Shows & Panels
- Accelerate and Streamline for Better Customer Service
- Ask the CIO
- The Big Data Dilemma
- Carrying On with Continuity of Operations
- Client Virtualization Solutions
- Data Protection in a Virtual World
- Expert Voices
- Federal Executive Forum
- Federal IT Challenge
- Federal Tech Talk
- Feds in the Cloud
- Health IT: A Policy Change Agent
- Improving Healthcare Outcomes through IT Policy
- IT Innovation in the New Era of Government
- Making Dollars And Sense Out of Data Center Consolidation
- Navigating the Private Cloud
- One Step to the Cloud, Two Steps Toward Innovation
- Path to FDCCI Compliance
- Take Command of Your Mobility Initiative
Shows & Panels
Uprising in Kyrgyzstan
Thursday - 4/8/2010, 10:40am EDT
Kurmanbek Bakiyev reportedly escaped to Manas airbase, and there are no reports specifying where he ended up. Russian news agency Interfax reports that the Bakiyev's family home was looted and burned. Dozens are dead, hundreds are wounded, the Interior Minister Moldomusa Kongantiyev was killed, the deputy Prime Minister was taken hostage and the government crumbled.
The opposition who led the riots were not deterred by security forces who reportedly fired live rounds into the crowds. The angry protestors continued to surge, over-running the police in some cases, as was seen in video posted on the internet.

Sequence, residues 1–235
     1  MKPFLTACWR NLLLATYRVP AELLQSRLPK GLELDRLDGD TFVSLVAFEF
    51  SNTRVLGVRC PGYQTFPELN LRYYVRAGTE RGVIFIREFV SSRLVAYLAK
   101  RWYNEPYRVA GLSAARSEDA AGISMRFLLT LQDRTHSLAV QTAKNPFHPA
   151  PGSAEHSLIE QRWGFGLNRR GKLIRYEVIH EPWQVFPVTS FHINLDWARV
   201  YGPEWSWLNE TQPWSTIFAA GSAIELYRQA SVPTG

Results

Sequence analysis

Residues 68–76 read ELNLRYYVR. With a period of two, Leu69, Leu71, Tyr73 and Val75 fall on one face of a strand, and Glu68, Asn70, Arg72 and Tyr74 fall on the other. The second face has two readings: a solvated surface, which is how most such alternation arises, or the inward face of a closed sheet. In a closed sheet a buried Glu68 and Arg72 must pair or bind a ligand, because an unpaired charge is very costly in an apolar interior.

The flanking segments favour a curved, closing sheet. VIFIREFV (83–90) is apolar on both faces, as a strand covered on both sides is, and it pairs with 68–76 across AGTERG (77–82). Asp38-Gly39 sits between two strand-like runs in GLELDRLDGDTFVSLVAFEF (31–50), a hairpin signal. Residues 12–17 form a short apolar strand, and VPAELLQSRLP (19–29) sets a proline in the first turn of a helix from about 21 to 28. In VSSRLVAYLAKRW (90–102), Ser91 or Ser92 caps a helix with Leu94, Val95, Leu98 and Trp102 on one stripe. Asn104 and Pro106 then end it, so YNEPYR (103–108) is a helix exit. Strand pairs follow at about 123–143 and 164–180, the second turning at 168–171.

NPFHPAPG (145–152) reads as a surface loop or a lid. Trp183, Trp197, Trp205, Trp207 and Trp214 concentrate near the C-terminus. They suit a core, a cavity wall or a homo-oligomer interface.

The United States Embassy in Bishkek issued a statement saying it's deeply concerned.
This is a major concern to the U.S. military because Manas Air Base in northern Kyrgyzstan is a critical component in the U.S. military strategy in Afghanstan.
Where did this come from? It seems like it just exploded out of the blue and how could it have achieved such stunning results in such a short period of time?
There are those who claim the Russians had a hand in this. If you think about how several thousand could overthrow the government of even a poor country like this in a matter of hours, it would seem that they had some help.
According to Reuters, Russian Prime Minister Vladimir Putin denied speculation that Russia had played a hand in the clashes.
"Neither Russia, nor your humble servant, nor Russian officials have any links whatsoever to these events," Putin was quoted as saying by RIA news agency.
As the story continues to unfold, we see that a government was already waiting to assume control while clashes were still spilling out into the streets of Bishkek and other cities. Within hours after the first signs of unrest, the Parliament was taken over, the old government resigned, the President fled, and new government had been installed.
Let's be honest, massive discontent, no matter how sincere it is, does not possess the sensitive intelligence, tradecraft and practiced timing necessary to overthrow a government.
There was help. Question is... from whom?